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Surg Neurol Int. 2012;3(Suppl 2):S65-72. doi: 10.4103/2152-7806.95417. Epub 2012 Apr 26.

Importance of intraoperative magnetic resonance imaging for pediatric brain tumor surgery.

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1
Department of Neurosurgery, Alder Hey Children's NHS Foundation Trust, Liverpool, United Kingdom.

Abstract

BACKGROUND:

High-field intraoperative MRI (IoMRI) is gaining increasing recognition as an invaluable tool in pediatric brain tumor surgery where the extent of tumor resection is a major prognostic factor. We report the initial experience of a dedicated pediatric 3-T intraoperative MRI (IoMRI) unit with integrated neuronavigation in the management of pediatric brain tumors.

METHODS:

Seventy-three children (mean age 9.5 years; range 0.2-19 years) underwent IoMRI between October 2009 and January 2012, during 79 brain tumor resections using a 3-T MR scanner located adjacent to the neurosurgical operating theater that is equipped with neuronavigation facility. IoMRI was performed either to assess the extent of tumor resection after surgical impression of complete/intended tumor resection or to update neuronavigation. The surgical aims, IoMRI findings, extent of tumor resection, and follow-up data were reviewed.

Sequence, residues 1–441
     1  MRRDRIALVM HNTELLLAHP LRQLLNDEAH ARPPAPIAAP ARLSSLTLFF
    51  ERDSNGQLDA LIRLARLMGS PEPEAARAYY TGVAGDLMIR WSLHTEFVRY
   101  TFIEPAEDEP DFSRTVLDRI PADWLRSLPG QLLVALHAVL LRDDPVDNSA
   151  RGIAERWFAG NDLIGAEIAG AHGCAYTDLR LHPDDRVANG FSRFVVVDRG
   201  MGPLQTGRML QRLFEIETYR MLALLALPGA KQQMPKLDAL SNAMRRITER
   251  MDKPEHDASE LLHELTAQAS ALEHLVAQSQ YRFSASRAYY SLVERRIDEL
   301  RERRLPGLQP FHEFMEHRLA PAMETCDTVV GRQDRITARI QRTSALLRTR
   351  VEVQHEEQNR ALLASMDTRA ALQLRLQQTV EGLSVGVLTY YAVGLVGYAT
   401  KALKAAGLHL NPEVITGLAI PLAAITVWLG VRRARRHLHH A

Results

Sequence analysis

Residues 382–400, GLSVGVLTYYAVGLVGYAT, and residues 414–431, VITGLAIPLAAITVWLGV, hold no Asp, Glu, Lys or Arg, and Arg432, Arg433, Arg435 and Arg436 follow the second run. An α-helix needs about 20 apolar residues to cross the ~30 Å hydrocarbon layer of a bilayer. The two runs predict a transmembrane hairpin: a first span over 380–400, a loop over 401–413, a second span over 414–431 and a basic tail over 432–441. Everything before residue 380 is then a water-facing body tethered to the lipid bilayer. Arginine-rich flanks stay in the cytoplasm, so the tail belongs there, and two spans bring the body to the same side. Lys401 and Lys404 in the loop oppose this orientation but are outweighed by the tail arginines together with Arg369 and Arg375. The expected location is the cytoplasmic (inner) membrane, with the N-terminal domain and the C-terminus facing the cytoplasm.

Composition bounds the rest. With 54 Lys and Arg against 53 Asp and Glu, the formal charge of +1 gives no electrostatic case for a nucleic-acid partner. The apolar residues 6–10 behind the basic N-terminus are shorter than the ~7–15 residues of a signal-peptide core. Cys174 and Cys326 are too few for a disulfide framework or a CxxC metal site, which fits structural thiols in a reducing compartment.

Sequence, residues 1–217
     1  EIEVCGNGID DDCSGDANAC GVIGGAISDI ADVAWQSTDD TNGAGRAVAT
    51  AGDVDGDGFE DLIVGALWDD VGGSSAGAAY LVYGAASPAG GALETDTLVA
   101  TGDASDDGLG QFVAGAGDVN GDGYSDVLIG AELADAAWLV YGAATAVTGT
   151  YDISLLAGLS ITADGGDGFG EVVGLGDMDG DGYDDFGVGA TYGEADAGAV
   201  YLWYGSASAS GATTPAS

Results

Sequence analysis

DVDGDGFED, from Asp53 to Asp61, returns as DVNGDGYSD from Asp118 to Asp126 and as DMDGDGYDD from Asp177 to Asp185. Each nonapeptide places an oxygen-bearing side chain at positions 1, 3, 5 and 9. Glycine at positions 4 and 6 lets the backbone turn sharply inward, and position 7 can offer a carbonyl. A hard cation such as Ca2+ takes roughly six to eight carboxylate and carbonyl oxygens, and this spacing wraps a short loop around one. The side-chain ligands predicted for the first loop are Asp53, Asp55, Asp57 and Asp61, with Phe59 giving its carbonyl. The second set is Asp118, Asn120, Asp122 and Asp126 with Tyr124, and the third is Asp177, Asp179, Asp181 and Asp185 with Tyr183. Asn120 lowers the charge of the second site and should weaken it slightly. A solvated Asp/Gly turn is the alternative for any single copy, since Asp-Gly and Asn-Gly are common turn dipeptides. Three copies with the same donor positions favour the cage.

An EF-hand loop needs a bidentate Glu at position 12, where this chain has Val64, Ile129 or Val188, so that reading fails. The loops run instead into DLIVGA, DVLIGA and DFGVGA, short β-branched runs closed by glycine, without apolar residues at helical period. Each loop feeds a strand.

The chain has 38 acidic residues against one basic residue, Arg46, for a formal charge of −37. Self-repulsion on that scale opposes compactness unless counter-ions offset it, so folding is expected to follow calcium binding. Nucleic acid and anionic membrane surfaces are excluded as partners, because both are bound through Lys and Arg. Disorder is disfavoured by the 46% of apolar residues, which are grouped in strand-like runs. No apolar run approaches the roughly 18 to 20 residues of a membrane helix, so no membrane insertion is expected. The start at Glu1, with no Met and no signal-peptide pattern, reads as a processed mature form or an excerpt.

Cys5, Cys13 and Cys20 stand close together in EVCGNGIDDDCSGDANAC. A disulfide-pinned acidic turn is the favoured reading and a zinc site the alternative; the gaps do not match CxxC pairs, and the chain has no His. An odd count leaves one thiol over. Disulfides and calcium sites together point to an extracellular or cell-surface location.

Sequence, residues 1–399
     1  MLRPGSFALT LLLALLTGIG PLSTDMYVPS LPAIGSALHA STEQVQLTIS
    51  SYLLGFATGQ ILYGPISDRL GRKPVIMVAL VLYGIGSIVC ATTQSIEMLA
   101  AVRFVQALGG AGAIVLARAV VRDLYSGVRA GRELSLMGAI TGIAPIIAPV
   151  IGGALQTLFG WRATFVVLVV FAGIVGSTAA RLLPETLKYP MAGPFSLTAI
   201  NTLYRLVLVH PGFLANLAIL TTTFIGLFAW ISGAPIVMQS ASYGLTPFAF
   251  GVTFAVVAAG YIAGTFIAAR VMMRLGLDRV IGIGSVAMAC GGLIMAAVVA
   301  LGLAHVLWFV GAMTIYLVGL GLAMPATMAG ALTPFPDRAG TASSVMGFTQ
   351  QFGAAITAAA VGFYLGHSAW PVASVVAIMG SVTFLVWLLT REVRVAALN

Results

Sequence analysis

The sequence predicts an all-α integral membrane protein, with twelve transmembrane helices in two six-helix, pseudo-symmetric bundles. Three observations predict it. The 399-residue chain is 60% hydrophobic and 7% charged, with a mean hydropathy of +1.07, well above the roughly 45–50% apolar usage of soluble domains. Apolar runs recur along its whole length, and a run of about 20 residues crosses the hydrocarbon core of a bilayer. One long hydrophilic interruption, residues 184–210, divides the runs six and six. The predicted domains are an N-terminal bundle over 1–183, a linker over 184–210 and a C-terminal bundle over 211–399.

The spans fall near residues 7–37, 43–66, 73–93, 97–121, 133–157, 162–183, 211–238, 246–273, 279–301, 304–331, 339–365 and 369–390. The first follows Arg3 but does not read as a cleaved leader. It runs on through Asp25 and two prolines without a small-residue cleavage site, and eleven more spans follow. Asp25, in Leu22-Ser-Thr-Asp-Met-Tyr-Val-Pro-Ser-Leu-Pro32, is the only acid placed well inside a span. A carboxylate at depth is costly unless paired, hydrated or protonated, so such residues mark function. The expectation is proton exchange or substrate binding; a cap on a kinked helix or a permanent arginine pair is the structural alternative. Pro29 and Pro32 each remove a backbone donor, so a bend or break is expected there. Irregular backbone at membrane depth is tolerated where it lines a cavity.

RESULTS:

Complete resection was intended in 47/79 (59%) operations. IoMRI confirmed complete resection in 27/47 (57%). IoMRI findings led to further resection in 12/47 (26%). In 7/47 (15%), IoMRI was equivocal for residual tumor and no evidence of residual tumor was found on re-inspection. In 32/79 (41%) operations, the surgical aim was partial tumor resection. In this subset, surgical resection was extended following IoMRI in 13/32 (41%) operations. None of the patients required early second look procedure for residual disease.

CONCLUSIONS:

At our institution, IoMRI has led to increased rate of tumor resection and a change in surgical strategy with further tumor resection in 32% of patients. While interpreting IoMRI, it is important to be aware of the known pitfalls.

KEYWORDS:

Magnetic resonance imaging; neuronavigation; pediatric brain tumor

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